Bombs Target Arabic Paper Four Found At United Nations; Blast Injures Guards In London
At least four letter bombs were sent to the U.N. bureau of an Arabic-language newspaper, forcing a partial evacuation of U.N. headquarters Monday only hours after a letter bomb exploded at the newspaper’s London office.
Police said the letter bombs, all addressed to the Al-Hayat newspaper, were found and defused.
Early today, police stood guard outside the U.N. headquarters, located along the East River in Manhattan, while U.N. security officials inspected an estimated 80,000 undelivered parcels to determine if there were other bombs.
The bomb at the Al-Hayat’s London offices injured two people, one seriously, in an intensifying and mysterious mail-bomb campaign against the Saudi-owned newspaper.
At least a dozen letter bombs have been mailed to the newspaper’s bureaus in Washington, New York, London and Riyadh, Saudi Arabia this month. The London bomb is the only one to have exploded.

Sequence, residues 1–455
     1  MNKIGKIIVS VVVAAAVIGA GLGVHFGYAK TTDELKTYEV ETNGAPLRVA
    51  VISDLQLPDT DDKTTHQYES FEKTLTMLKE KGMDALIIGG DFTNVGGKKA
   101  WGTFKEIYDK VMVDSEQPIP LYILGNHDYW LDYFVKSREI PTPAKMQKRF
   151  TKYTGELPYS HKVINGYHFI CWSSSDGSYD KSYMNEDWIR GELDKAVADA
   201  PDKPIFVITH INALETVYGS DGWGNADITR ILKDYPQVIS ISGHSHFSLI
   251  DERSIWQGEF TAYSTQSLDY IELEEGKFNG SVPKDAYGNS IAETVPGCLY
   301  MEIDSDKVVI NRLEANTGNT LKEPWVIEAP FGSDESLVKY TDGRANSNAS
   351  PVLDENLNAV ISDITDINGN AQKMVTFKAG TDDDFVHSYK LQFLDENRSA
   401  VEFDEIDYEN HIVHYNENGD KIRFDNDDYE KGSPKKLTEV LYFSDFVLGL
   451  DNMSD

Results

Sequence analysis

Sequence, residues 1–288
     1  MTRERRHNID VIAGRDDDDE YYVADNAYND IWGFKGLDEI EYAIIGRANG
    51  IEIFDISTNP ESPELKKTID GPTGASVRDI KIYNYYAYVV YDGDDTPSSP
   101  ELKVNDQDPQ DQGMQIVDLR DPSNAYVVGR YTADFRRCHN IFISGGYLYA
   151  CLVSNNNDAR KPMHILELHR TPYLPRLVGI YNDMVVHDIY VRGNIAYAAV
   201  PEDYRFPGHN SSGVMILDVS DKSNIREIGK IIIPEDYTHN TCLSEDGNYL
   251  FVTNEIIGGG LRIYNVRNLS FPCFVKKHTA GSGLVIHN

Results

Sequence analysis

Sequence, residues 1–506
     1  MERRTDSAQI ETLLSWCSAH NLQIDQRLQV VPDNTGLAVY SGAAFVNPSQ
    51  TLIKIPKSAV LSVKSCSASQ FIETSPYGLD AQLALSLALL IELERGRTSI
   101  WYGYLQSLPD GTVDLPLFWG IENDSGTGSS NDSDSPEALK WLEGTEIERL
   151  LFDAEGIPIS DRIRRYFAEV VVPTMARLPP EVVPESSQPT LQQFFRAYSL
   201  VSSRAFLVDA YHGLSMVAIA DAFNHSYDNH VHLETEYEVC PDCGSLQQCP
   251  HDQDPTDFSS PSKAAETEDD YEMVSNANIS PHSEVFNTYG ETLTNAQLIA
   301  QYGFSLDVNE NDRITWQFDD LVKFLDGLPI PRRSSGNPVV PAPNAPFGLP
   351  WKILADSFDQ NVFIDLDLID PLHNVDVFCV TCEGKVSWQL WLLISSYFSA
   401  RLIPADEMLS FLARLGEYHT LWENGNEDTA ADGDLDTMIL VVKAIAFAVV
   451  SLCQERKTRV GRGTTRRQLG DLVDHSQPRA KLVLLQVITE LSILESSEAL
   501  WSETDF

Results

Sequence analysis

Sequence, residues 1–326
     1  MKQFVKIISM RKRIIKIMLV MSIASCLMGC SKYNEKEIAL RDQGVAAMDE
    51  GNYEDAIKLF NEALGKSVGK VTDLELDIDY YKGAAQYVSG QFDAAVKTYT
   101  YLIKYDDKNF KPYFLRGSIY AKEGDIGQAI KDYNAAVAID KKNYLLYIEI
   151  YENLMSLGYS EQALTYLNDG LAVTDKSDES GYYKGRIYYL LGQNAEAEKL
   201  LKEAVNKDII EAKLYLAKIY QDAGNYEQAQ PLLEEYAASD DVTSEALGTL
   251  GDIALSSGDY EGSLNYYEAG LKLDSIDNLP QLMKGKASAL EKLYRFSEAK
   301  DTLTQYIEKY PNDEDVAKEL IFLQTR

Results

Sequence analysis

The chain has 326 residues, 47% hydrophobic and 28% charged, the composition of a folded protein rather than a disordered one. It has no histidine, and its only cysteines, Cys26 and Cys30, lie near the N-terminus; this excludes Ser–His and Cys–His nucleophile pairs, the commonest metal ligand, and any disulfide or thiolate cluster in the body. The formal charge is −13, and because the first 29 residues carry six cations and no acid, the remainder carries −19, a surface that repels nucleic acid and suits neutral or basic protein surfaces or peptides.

Two bombs found at the United Nations early Monday had been fitted into greeting card-sized envelopes, U.N. spokesman Fred Eckhard said.
Late Monday, police were summoned to the United Nations for a third time after a suspicious parcel was discovered. Police officer Martin Foley said that parcel was examined and found not to be a bomb.
But two other suspicious parcels were determined to be letter bombs and were defused by the New York City bomb squad.
The first letter bomb apparently arrived Friday at the United Nations through the U.S. Postal Service, remained over the weekend in the central mail room and was discovered about 11 a.m. by guards screening parcels at a distribution center.
Guards then began inspecting all the mail, discovering the second letter bomb late Monday afternoon in the basement mail room.
U.N. Secretary-General Kofi Annan condemned the bombings as a “cowardly act … an assault on the United Nations itself.”
In London, two guards were wounded, one seriously, when a bomb exploded in the Al-Hayat mail room. Scotland Yard said police found three other bombs there, and blew them up without injury.
Several days before, five letter bombs were sent to the Washington offices of the same newspaper in the National Press Building. None of those bombs exploded. They were reportedly postmarked in Alexandria, Egypt.
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